I recently heard The Guardian News & Media’s Managing Director Tim Brooks claim he was in a very scary place:
“Digital media are wreaking extraordinary havoc on traditional media… to be in old media space is a very scary place indeed, because the business models are being smashed by new media.”
Coming from The Guardian, who have been relatively proactive about digital media compared with their broadsheet counterparts, this is a bold statement to make. I don’t think that Mr Brooks’ comments mean that he is scared – he simply said it’s a scary place. The important point in his statement is that the business models are changing.
Media moves on
As communications technology and social trends develop, Media will continue to change. Traditionally, ‘old media’ was confined to limited interaction. Radio and television stations attempted interaction through telephone ‘call-ins’; newspapers interacted through letters to the editor.
Traditional newspapers need to move on, embracing the opportunities of digital media for more effective interaction, and even changing their business models to take advantages of new opportunities. We see this just starting to happen for newspapers: most newspapers publish free news online and allow readers to comment. Yet in terms of interaction this kind of thing is at least ten years out of date.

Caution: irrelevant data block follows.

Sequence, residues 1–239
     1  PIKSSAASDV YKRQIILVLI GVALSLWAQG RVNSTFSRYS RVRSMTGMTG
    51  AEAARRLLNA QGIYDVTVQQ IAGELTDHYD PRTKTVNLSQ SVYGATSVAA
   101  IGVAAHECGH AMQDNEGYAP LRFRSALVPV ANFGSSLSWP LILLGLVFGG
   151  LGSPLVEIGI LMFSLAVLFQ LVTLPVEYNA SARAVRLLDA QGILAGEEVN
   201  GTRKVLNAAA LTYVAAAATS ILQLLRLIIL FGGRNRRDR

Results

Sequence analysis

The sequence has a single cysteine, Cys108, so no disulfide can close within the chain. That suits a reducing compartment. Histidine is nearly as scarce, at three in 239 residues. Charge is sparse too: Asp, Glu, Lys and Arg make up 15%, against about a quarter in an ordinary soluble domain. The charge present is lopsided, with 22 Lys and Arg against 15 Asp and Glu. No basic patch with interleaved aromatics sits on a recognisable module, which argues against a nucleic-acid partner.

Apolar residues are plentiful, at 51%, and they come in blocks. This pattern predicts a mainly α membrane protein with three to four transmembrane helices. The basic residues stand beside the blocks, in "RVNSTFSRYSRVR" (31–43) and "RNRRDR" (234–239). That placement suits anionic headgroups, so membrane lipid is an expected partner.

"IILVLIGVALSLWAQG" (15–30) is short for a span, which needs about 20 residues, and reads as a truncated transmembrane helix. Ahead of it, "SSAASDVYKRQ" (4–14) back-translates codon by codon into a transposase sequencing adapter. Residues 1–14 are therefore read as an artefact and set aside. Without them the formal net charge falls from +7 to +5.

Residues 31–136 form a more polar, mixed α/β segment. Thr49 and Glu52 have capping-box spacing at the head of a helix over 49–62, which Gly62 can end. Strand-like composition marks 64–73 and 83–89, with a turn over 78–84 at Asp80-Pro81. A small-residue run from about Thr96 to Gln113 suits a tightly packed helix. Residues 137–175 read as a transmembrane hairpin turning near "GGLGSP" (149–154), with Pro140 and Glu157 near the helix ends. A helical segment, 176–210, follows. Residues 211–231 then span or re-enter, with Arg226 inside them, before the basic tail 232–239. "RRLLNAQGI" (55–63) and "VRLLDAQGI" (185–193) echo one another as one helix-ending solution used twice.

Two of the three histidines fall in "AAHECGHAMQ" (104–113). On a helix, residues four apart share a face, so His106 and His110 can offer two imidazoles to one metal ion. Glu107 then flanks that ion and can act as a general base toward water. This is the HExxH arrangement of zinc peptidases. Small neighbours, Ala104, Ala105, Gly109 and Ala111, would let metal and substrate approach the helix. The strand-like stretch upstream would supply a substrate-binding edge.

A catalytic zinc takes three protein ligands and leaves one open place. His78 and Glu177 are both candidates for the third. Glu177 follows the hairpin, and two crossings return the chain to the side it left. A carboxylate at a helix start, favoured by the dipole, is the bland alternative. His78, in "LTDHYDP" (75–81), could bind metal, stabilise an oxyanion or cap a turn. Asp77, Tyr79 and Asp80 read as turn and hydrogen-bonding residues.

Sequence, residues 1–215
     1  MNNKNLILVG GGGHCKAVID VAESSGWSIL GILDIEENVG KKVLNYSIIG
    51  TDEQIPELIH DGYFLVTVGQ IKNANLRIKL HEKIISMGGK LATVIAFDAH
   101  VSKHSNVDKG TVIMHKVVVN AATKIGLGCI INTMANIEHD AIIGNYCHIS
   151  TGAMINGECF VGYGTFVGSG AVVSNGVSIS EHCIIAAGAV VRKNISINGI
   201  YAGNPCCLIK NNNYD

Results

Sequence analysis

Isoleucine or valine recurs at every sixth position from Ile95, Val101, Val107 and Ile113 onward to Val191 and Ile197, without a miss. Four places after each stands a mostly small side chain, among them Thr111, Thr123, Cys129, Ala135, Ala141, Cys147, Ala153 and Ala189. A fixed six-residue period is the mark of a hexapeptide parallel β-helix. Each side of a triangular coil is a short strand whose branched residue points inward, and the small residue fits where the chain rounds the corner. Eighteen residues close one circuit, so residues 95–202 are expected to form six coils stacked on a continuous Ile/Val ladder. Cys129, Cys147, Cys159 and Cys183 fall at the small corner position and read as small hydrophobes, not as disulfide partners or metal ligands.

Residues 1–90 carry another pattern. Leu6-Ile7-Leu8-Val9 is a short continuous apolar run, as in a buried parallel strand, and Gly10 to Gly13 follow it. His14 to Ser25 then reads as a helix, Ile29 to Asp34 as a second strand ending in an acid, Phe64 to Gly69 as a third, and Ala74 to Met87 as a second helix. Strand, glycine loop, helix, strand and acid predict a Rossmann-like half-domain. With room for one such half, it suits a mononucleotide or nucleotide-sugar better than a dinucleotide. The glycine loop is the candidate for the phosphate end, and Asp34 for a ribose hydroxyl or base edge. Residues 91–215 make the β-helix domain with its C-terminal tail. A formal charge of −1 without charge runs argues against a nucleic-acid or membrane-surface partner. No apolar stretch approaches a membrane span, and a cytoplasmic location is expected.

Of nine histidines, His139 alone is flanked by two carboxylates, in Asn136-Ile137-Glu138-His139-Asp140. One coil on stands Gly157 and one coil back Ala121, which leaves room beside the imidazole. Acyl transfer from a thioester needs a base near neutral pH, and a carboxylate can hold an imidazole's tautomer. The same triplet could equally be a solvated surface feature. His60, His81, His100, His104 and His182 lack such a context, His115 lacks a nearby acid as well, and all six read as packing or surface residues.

In what seemed like a promising step forwards, The Guardian recently announced that it was going to run a live chat with David Cameron. Sadly this turned out to be a disappointing ‘over-promise’. The ‘live’ chat was simply a traditional question and answer session, with no live interaction. The embarrassing effect of this on both the shadow prime minister and the Guardian is discussed in .
New business models
Examples abound of how business models for newspapers are changing. Do you remember the days before ebay, when people used newspapers for classified ads? Or when we paid to read the news – today even newspapers provide news free to our desktops and mobile phones.
Last December the Sun led the way for UK newspapers as they trialled ‘QR codes’ – a code you can scan on your mobile phone to quickly access web content. Encouraging mobile users to read free content online is another sign that things are changing.
So, will we see the end of the traditional newspaper? Not yet, but there are great untapped opportunities for those who understand the new rules of engagement in the digital media world.
If you would like to find out more about how we could bring our experience of digital media to national or regional newspapers, .